Blogs are not, imo, the best way to collect and review pupil ‘work’ on a day to day basis. But the pupils were familiar with them and they worked well for me in the short term. Using OneNote would have been better if I could have avoided previous problems. I didn’t feel the effort to get pupils using OneNote when they had not before would have worked. If I had had a straight p6 or 7 or even a composite 6/7 I would have done so, but felt it best to stick to what we knew.

Still some of the blog posts are valuable beyond the “handing in” aspect. first as evidence of learning and second a record of these unusual times. Making 380 comments wore out my emojis and kept me in touch with my pupils.

The Glow Blog reader plugin made checking the pupils posts really simple. I can’t recommend it enough.

Screenshot of Glow Blogs Reader

Teams

I didn’t follow ‘best practise’ for my meetings. I worked it out as I went along. Each meeting had several shorter elements including:

  • round the room, to let everyone tell news, raise issues etc;
  • number talks, often supported by videos to watch beforehand;
  • quizzes
  • poetry, we looked at a different poem every week, exploring different aspects daily, usually ending with some writing on Friday.

My first method of organising the meetings involved a new presentation every day. Toward the end I stopped doing that. Pupils often saw nothing or didn’t see slides at the right time. I probably stuck in that rut, spending most of the morning making slides for far too long. Eventually I ‘presented’ by using the chat. Adding text, pictures and video as I went. Keeping the videos very small <2mbs meant this didn’t interrupt the flow.( Simpler Meet)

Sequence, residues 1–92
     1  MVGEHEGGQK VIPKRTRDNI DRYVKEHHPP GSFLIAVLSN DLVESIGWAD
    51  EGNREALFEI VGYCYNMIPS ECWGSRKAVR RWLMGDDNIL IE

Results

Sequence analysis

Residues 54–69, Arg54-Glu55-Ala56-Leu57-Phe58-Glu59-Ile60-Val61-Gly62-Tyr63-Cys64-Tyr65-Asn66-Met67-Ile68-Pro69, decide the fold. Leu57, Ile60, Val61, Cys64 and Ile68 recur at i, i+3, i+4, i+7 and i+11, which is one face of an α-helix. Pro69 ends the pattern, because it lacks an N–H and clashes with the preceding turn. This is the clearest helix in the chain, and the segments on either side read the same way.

I used a fair bit of audio in the meets. Splicing together snippets from Farrago via loopback with my mic as input in Teams. This allowed me to ‘play’ poets reading their work and music. I used this to play bits of music as a timer when I gave the pupils time to work on something. (Lockdown Learning 18 May 2020 – virtual devices).

Having periods, 2-5 minutes of silence or music might seem a bit daft but I found the pupils enjoyed it and produced some good work. We used it for drawing, number talks, writing and brainstorming. I imagine it is even harder to respond immediately in Teams than it is in a classroom, so thinking time.

I ended up making quite a few short < 1.5 minute videos to explain things. At first I uploaded them to Teams well before the meets and asked for them to be watched, flipped style. As it became obvious that the class didn’t all watch them I continued but then uploaded them into the chat during the meet and gave time to watch them. This got round the problem of live explanations involving visuals synchronising. None of these videos were things of beauty. Earlier ones took time but I cut down and down in both size and speed of production. Either using the built in screen recording on iPad or recorded voice over for Keynote slides on Mac. In the later I used Screenflow to add audio for its better editing. In both cases reduced dimensions and quality of videos in HandBrake.

I found a few things irritating in Teams. The differing UI on different devices made it hard for some of my pupils, especially the younger ones. I would have loved a sticky post effect for announcements. I believe this is in the works but my pupils regularly missed announcements as they were pushed up the stream. I did have a channel just for announcements, but I don’t think the pupils visited that much.

Double clicking a file in the Teams dialogue does not result in the file being opened.

The file dialogues in teams drove me mad. Years of selecting files and then double clicking or hitting return/enter to open got me every time. Files from the desktop were fine as it then used the system dialogue. Ones from OneDrive or the teams files area, bleh.